Evidence for the identification of synaptic transmitters released by photoreceptors of the toad retina.

Evidence for the identification of synaptic transmitters released by photoreceptors of the toad... 1. When toad retinae were incubated with veratrine, kainic acid, and L‐alpha‐aminoadipic acid, photoreceptor cells survived and most other neurones died. This preparation of ‘isolated’ photoreceptor cells accumulated radioactive molecules from the incubation medium and metabolized these into labelled compounds. When a preparation was placed on a filter and superfused, radioactive molecules which were released into the superfusion fluid could be collected and later analysed. Several procedures were used for inducing the release of possible transmitter compounds. Each released compound was chemically identified. 2. Three compounds, aspartic acid, glutamic acid, and N‐acetyl histidine, were released when the potassium concentration was increased in media that lacked calcium and contained cobalt. 3. The release of these compounds was further increased when cobalt was removed and calcium returned to the extracellular medium. 4. Two additional compounds, putrescine and cadavarine, were also released during depolarization when calcium was present. 5. The efflux of each of the compounds listed in Section 2 was also increased by homo‐ and hetero‐exchange. For at least aspartate, exchange was sodium‐dependent. 6. The post‐synaptic effect of released compounds was tested by their ability to increase the efflux of (3H)GABA from ‘isolated’ horizontal cells. 0 . 1 mM‐L‐aspartate, or L‐glutamate produced an increase in GABA efflux. N‐acetyl histidine, putrescine, and cadavarine were ineffective. 7. Isolated photoreceptors and intact retinae were incubated with (3H)aspartate, or (3H)putrescine. Subsequent histology and autoradiography demonstrated that both compounds were selectively accumulated by cones. http://www.deepdyve.com/assets/images/DeepDyve-Logo-lg.png The Journal of Physiology Wiley

Evidence for the identification of synaptic transmitters released by photoreceptors of the toad retina.

The Journal of Physiology, Volume 334 (1) – Jan 1, 1983

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Publisher
Wiley
Copyright
© 2014 The Physiological Society
ISSN
0022-3751
eISSN
1469-7793
DOI
10.1113/jphysiol.1983.sp014497
Publisher site
See Article on Publisher Site

Abstract

1. When toad retinae were incubated with veratrine, kainic acid, and L‐alpha‐aminoadipic acid, photoreceptor cells survived and most other neurones died. This preparation of ‘isolated’ photoreceptor cells accumulated radioactive molecules from the incubation medium and metabolized these into labelled compounds. When a preparation was placed on a filter and superfused, radioactive molecules which were released into the superfusion fluid could be collected and later analysed. Several procedures were used for inducing the release of possible transmitter compounds. Each released compound was chemically identified. 2. Three compounds, aspartic acid, glutamic acid, and N‐acetyl histidine, were released when the potassium concentration was increased in media that lacked calcium and contained cobalt. 3. The release of these compounds was further increased when cobalt was removed and calcium returned to the extracellular medium. 4. Two additional compounds, putrescine and cadavarine, were also released during depolarization when calcium was present. 5. The efflux of each of the compounds listed in Section 2 was also increased by homo‐ and hetero‐exchange. For at least aspartate, exchange was sodium‐dependent. 6. The post‐synaptic effect of released compounds was tested by their ability to increase the efflux of (3H)GABA from ‘isolated’ horizontal cells. 0 . 1 mM‐L‐aspartate, or L‐glutamate produced an increase in GABA efflux. N‐acetyl histidine, putrescine, and cadavarine were ineffective. 7. Isolated photoreceptors and intact retinae were incubated with (3H)aspartate, or (3H)putrescine. Subsequent histology and autoradiography demonstrated that both compounds were selectively accumulated by cones.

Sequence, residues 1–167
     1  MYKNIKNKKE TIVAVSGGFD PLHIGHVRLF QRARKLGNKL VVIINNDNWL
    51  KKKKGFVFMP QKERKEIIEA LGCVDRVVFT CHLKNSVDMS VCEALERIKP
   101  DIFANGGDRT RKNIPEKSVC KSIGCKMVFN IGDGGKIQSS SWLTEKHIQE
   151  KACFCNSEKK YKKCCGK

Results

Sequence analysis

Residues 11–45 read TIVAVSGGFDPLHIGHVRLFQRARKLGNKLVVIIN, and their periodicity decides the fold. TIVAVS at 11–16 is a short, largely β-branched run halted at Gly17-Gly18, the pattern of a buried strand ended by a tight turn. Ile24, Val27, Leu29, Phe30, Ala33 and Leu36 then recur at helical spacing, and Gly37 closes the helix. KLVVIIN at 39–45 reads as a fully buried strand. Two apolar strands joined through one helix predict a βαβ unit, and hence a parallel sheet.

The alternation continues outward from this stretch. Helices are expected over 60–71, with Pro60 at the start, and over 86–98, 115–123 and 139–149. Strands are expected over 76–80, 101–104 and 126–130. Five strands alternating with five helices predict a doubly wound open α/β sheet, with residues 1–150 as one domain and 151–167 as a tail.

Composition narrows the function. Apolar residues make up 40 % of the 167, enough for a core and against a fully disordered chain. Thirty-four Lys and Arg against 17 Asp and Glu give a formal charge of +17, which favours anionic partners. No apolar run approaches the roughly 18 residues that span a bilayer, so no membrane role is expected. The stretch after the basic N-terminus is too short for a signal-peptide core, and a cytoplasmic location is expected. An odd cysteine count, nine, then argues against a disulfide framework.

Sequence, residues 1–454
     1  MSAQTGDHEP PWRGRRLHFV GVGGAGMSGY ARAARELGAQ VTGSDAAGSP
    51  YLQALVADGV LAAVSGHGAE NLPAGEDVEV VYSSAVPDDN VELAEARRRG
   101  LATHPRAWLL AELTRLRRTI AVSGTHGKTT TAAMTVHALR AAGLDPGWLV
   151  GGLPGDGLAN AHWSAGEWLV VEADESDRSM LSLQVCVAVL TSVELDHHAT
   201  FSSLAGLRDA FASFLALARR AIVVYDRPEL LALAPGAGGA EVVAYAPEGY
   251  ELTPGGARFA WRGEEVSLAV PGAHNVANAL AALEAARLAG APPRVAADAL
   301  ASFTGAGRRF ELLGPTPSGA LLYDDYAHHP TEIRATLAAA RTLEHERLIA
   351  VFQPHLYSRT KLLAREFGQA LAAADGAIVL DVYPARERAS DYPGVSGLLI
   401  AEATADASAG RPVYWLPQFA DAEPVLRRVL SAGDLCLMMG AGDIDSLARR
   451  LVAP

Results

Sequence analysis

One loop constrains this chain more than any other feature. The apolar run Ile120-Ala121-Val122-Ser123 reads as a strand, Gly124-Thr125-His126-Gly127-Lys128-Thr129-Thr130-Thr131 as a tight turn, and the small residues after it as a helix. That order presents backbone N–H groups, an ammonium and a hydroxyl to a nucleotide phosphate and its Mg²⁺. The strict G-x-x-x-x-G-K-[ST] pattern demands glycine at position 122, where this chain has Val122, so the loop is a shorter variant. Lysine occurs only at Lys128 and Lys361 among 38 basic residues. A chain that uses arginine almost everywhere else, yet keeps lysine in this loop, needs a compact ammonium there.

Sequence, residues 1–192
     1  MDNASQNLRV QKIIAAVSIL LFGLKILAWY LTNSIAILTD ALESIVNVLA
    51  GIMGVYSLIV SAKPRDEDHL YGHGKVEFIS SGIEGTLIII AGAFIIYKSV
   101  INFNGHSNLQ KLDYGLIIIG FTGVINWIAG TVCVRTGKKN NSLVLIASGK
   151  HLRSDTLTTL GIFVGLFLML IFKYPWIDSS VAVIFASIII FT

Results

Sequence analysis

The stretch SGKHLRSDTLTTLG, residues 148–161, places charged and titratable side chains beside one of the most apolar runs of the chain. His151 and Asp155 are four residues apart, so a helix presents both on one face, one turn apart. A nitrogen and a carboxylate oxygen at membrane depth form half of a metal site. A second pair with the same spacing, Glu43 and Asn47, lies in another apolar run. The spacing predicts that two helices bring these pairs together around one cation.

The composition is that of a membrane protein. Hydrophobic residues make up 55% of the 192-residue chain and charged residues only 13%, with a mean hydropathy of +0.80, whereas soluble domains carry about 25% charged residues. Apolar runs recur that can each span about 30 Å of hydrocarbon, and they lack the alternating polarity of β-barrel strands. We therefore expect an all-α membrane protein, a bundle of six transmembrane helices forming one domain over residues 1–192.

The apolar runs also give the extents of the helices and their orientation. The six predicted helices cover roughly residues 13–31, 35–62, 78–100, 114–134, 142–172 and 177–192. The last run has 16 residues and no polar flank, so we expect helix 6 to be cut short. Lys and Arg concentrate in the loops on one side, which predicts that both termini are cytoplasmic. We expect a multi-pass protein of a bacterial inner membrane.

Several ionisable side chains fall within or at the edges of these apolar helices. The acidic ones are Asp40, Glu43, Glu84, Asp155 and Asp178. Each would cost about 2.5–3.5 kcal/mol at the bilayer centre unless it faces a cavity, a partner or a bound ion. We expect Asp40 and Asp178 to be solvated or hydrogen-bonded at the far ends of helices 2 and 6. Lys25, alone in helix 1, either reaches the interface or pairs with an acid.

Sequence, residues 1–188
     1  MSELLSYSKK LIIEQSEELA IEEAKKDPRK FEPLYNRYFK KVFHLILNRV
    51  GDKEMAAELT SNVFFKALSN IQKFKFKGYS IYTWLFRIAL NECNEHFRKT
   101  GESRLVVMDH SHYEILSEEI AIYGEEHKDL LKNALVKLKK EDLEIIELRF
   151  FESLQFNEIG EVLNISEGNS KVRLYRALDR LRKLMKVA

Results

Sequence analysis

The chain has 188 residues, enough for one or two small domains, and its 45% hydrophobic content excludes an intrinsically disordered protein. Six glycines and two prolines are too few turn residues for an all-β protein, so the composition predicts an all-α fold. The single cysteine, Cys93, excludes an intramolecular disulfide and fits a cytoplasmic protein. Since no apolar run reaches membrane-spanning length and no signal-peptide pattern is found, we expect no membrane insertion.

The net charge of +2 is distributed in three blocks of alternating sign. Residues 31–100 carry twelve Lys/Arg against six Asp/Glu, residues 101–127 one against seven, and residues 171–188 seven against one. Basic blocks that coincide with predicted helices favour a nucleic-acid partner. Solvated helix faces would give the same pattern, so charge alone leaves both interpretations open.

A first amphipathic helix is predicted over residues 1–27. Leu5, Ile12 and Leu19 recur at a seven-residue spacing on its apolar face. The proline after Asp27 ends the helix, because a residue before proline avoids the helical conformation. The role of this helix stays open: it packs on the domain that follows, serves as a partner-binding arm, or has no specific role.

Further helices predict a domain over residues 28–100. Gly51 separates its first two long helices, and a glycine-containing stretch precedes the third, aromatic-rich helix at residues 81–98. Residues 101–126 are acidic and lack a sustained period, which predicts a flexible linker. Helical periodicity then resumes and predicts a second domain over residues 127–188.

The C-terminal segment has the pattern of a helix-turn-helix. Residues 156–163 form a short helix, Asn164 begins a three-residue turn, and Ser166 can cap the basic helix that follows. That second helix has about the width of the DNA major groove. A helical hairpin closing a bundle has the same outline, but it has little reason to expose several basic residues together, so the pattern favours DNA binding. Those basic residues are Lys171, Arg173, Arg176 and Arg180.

Journal

The Journal of PhysiologyWiley

Published: Jan 1, 1983

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